We carry on and soon join the trail as it runs parallel to the coast. We were lucky today as the absence of the red flag meant there was no live firing on the MOD range. So that meant we could complete the next section of the walk alongside the coast. I say alongside, you are not actually right by the sea. Though we could hear it crashing away. And in time we would begin to see it away in the distance as Lossiemouth eventually came into view (and continue to play with your sense of distance). But we were glad of this bit of shelter today on what could have been a cold and windy day otherwise. The path nestles below the pebble/shingle bank and follows the line of the tank traps. To the left is a dense area of vegetation. The colour here just now is quite eye catching. Everything is greening up and the gorse wearing it’s gorgeous yellow coat, backed woodland. The path passes either side of the traps from time to time – and looking up to the left are the regular (yet irregular) concrete “lookout” buildings. “Carefully disguised” with roofs of grass and gorse.
Underfoot this section of the path is actually quite hard going. Pebbles line the route pretty much with the occasional sections of narrow sandy path cut into the “green” offering a welcome rest for the soles, ankles and knees. The effects of the high tides and stormy seas are also ever present. Entire tree stumps with sea worn roots litter the early part of the trail. “Where have you come from? How far have you travelled? I wish you could talk”. The almost obligatory lobster pot, rope, buoy and net are there too. It all serves to remind you the sea is a strong force, discarding its own “I don’t need that” litter over the pebble bank. Tearing away a couple of tank traps from their foundations, tossing them aside as it heads back out.
We began to imagine the entrepreneurial opportunities for this stretch of the coast. Those lookouts could be converted into state of the art beach huts or self catering lodges perhaps? Pure fantasy of course but imagine opening up this entire area creatively. With easy access from inland it’s clear this area is used a lot for self entertainment. Graffiti covers some of the structures entirely. Letters on the tank traps spell out the name of someones favourite band. Ample litter the evidence of the activities which keep these folk occupied for at least a wee while.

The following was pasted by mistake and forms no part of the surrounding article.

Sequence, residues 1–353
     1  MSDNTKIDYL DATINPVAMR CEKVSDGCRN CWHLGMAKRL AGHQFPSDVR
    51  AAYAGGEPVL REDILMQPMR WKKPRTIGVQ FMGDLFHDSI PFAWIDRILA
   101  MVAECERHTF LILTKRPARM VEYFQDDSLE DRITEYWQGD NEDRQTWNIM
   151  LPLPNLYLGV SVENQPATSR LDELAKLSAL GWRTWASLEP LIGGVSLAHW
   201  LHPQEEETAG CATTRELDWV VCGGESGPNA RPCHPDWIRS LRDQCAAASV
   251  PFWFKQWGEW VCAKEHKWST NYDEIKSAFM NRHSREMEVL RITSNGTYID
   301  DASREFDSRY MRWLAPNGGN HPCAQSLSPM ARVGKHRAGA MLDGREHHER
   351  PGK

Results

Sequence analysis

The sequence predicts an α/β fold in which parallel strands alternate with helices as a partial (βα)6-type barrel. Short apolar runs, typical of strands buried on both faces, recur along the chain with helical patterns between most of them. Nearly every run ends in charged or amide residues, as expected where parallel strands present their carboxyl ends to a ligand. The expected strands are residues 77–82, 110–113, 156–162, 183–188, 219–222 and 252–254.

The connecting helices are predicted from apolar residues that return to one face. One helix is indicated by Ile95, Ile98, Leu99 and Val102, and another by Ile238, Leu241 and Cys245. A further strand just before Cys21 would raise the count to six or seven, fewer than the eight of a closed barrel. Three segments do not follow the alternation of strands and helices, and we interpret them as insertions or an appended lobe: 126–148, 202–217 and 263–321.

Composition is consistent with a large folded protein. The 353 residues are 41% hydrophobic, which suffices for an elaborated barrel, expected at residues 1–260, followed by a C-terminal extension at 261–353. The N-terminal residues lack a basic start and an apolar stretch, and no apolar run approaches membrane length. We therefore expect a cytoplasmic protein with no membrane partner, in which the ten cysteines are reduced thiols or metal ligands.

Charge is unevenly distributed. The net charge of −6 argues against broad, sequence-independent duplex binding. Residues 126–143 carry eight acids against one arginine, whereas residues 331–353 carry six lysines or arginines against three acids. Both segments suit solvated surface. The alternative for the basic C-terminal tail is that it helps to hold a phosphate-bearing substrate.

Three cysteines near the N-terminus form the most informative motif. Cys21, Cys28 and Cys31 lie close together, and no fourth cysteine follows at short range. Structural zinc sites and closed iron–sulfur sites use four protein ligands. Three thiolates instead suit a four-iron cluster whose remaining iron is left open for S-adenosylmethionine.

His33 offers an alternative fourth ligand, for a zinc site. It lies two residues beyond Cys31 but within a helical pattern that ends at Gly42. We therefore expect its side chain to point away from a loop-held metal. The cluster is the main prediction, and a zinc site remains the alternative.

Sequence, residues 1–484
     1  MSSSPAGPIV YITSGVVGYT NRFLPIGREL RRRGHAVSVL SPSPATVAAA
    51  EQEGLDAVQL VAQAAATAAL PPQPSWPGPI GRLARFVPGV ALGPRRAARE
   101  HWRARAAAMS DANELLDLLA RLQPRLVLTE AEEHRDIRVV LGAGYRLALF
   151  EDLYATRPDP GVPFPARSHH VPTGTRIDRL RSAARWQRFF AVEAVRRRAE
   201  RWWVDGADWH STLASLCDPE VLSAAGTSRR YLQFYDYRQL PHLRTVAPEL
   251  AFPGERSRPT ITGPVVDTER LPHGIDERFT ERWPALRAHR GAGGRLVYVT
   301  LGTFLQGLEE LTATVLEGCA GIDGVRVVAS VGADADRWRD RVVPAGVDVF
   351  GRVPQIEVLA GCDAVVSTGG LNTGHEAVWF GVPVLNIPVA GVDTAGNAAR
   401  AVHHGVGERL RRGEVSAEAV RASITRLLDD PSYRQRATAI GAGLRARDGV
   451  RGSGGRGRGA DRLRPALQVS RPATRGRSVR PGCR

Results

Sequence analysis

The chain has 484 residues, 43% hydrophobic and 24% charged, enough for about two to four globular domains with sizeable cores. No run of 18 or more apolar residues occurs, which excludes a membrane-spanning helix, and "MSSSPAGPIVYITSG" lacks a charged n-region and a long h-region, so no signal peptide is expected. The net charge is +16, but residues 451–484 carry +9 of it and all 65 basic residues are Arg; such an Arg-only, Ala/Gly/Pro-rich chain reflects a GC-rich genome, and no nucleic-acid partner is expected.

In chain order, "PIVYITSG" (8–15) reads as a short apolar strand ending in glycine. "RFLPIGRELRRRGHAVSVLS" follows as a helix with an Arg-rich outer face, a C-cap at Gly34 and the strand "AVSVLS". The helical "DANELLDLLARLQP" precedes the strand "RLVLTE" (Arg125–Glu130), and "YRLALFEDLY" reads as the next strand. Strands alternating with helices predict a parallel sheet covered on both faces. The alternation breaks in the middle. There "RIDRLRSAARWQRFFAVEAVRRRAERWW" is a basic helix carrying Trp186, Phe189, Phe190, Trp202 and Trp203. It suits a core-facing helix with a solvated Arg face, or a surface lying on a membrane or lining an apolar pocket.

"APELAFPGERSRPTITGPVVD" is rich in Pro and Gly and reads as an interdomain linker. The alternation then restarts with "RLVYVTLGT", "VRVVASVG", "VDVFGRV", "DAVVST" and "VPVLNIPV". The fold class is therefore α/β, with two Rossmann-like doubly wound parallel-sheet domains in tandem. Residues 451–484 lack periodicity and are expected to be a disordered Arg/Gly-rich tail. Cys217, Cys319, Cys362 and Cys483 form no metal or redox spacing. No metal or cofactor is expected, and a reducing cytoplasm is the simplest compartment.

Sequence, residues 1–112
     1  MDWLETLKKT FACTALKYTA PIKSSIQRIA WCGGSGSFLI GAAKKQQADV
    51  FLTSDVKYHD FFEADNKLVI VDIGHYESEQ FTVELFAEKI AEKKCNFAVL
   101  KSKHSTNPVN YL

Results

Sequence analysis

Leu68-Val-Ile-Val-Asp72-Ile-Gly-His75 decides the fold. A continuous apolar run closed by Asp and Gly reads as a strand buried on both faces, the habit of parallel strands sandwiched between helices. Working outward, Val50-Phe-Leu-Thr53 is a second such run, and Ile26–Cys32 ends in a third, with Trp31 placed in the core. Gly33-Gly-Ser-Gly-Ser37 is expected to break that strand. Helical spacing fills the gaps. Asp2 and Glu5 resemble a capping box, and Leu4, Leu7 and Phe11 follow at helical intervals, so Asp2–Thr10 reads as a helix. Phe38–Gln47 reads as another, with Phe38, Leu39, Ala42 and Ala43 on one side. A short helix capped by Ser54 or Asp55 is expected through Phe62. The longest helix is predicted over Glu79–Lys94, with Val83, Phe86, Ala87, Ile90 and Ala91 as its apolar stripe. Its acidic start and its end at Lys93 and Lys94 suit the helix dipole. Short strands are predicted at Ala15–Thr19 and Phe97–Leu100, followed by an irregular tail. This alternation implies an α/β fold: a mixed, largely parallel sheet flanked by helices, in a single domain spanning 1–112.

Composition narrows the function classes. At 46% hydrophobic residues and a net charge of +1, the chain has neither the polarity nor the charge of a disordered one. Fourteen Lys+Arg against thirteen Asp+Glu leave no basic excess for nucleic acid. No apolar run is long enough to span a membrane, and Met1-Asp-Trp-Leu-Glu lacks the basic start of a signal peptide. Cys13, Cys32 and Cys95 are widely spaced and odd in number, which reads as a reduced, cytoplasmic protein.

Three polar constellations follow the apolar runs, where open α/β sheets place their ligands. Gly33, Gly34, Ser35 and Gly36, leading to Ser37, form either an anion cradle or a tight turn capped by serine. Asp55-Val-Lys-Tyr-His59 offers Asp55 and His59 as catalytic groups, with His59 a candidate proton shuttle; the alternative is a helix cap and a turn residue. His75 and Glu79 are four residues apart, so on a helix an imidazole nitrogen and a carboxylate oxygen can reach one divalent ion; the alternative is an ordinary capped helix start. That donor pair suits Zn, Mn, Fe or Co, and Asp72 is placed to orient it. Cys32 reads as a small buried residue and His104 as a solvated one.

As we emerge from our “tunnel” Lossie looks as far away as it ever did. Groan. The joints are hurting a wee bit too “my knees are not loving these pebbles”. You have to concentrate on where you land your feet and so conversation becomes patchy.
But despite thinking we would never get there, eventually we did arrive on Lossie beach. And so the slightly romantic notion of the sea’s litter would be replaced by the reality of human litter. Car tyres. Fast food containers and cups. The pram with the missing wheel? One could imagine the story as the decision was made to leave it in the soft sand and carry the bairn home. And that was when those energy levels began to sap again. While we both love the sea and were hankering after some sand, we laugh as we think how we tried to use Lossie dunes for training for the Sahara. Don’t get me wrong. They are lovely. Reminiscent of family holidays in Prestatyn. But the reality of Africa’s dunes was very different to those of Moray. “How did we ever think these would help us prepare”.